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HomemiprofessionIt’s All About Quality of Life

It’s All About Quality of Life

Ten years into her career, Su Ching Ong reflects on the many rewarding experiences she’s had and the vast opportunities for her future.

My journey to become an optometrist started with my great hatred for reading as a young child. I always avoided reading and when forced to borrow books at school, I chose the ones with the biggest pictures and least amount of writing. As the years went on, I developed ‘tricks’ to read more comfortably with one eye closed and squinted to see the black board clearly. As this was ‘the norm’ for me, and because my grades were never affected, my parents and I never felt it necessary to have an eye examination. However one day during my VCE exams, when one of my eyes started to drift outwards, I was advised to see the optometrist for an eye examination. I soon learnt that I had decompensating exophoria, convergence insufficiency and myopia.

It is rewarding to be reminded that a simple refraction, which we do every day as optometrists, and the provision of spectacle correction can make such a huge impact on a person’s quality of life

A whole new world of glasses, vision training and optometry opened to me. It was fascinating to learn why I had always avoided reading, and I was amazed by how much clearer and more comfortable my vision was with glasses. This experience sparked my interest in optometry and later, my desire to become an optometrist. I wanted to help others improve their lives through clearer vision.

I graduated from the University of Melbourne in 2011 and, since then, have taken opportunities to work in behavioural optometry and with a few large corporate companies. Throughout my journey to date, I have built strong professional relationships with my teams, mentors and support staff, all of whom have helped me learn and grow as an optometrist. I have also connected well with local general practitioners, allied health professionals, and ophthalmologists (I particularly enjoy taking time to meet with and observe ophthalmologists in surgery). And, I have taken great pleasure in supervising a few optometry students – as healthcare professionals, it is important to constantly learn and keep up-to-date with new research and technology, and I believe the best way to do this is to teach.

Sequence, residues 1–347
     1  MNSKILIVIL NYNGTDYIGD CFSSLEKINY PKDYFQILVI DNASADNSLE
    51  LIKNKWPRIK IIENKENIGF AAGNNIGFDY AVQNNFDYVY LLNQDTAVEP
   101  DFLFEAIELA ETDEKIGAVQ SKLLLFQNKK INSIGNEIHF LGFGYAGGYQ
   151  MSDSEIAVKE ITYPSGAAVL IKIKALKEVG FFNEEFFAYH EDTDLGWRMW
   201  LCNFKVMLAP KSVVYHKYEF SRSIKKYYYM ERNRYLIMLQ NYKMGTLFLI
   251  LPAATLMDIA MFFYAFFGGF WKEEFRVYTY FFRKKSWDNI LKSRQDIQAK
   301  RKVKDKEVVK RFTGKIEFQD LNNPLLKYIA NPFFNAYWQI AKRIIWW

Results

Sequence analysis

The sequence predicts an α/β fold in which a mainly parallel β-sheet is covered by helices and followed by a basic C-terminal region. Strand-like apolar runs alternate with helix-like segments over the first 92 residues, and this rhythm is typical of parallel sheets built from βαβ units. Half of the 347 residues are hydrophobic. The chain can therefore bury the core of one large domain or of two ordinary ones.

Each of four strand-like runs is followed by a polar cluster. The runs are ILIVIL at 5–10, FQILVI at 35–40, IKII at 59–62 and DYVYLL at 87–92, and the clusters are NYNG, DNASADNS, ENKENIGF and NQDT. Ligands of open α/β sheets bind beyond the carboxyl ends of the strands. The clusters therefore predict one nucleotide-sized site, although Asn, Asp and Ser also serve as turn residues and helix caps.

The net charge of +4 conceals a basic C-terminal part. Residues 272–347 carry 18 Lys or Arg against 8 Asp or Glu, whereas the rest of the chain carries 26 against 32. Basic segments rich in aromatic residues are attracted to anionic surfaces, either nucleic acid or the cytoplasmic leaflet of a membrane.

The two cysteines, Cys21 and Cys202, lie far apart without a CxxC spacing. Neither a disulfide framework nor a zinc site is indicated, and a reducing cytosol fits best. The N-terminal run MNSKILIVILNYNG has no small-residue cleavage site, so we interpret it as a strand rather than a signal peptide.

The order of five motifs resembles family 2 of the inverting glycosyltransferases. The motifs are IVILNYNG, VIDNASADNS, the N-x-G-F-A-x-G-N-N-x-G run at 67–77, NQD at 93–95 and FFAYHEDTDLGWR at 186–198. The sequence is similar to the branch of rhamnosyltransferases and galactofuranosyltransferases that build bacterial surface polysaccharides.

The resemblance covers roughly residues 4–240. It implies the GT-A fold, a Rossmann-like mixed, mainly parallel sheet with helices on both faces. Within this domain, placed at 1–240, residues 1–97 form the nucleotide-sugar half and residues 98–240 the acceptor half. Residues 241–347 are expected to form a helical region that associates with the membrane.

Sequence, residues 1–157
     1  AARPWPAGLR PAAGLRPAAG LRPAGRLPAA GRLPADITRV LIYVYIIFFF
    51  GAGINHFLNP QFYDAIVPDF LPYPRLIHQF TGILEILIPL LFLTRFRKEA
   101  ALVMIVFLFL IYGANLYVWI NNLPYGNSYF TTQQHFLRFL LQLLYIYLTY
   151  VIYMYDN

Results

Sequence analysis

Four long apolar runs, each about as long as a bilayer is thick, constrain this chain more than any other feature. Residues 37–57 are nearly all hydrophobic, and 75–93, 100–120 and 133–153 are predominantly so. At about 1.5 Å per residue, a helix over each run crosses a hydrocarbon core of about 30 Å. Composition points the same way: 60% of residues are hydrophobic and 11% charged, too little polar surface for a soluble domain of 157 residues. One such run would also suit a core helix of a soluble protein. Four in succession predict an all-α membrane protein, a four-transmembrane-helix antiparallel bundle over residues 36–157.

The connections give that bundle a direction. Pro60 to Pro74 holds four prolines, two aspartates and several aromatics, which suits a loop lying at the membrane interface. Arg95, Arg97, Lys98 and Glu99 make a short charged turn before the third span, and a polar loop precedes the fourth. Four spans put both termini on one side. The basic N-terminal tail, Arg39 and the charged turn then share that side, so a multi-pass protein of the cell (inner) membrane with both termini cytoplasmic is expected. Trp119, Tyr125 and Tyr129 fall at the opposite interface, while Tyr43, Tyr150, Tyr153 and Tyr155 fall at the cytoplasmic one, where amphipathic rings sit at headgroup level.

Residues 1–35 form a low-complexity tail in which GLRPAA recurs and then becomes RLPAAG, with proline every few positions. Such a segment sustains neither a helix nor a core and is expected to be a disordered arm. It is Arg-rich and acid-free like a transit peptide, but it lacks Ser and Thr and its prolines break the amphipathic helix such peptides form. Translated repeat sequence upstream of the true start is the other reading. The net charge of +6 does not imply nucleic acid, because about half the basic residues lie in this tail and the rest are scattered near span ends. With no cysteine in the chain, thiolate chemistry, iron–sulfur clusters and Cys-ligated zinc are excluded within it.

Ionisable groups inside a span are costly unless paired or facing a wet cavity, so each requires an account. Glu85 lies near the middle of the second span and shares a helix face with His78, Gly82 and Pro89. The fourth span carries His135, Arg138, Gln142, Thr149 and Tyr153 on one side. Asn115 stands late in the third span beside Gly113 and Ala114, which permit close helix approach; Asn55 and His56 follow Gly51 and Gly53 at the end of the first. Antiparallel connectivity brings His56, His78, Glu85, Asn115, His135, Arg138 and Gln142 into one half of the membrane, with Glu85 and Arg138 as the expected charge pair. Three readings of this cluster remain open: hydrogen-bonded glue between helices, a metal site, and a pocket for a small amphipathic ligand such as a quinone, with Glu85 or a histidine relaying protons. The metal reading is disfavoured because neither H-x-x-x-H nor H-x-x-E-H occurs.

One of my most satisfying experiences has been to grow a patient base that has continued to follow me around Victoria for their annual eye examinations, even as I have moved companies. But my most rewarding and challenging experience so far has been working with Mobile Eye Care, which allowed me to provide eye care services to those who did not have the privilege to go to a physical store for a routine eye examination or have access to glasses. My most memorable Mobile Eye Care moment was at an aged care home in Adelaide, testing patients in low and palliative care. My patient was a young male who had suffered brain trauma from a car accident. While attempting to take his history, I quickly realised that although he could not communicate verbally, he understood me very well. I was able to perform the entire eye examination by using closed ‘yes’ or ‘no’ questions, to which the patient pointed his thumbs up or down in response. Following delivery of his spectacles, I received a heartfelt letter from the patient. In it he expressed his appreciation for the time I’d taken to understand him and provide him with glasses. He had been unable to read for many years since losing his glasses on the day of the accident. It is rewarding to be reminded that a simple refraction, which we do every day as optometrists, and the provision of spectacle correction can make such a huge impact on a person’s quality of life.

Optometry fascinates me as there is still much to learn and many areas of optometry that we can branch into. I currently work at Beach Optical which is a part of the George and Matilda Eyecare family. My role involves providing eye care to the local community, as well as management and supervising optometry students. I enjoy working at this company, as I have the flexibility to operate in an independent optometry setting, while receiving the benefits and support from George and Matilda Eyecare’s vast network and resources. I am grateful for this career because enriching others with better vision and ocular health brings me joy… I am excited to see what my future holds.

Su Ching Ong graduated as an optometrist from the University of Melbourne in 2011 and practices at Beach Optical by George and Matilda in Frankston, Victoria.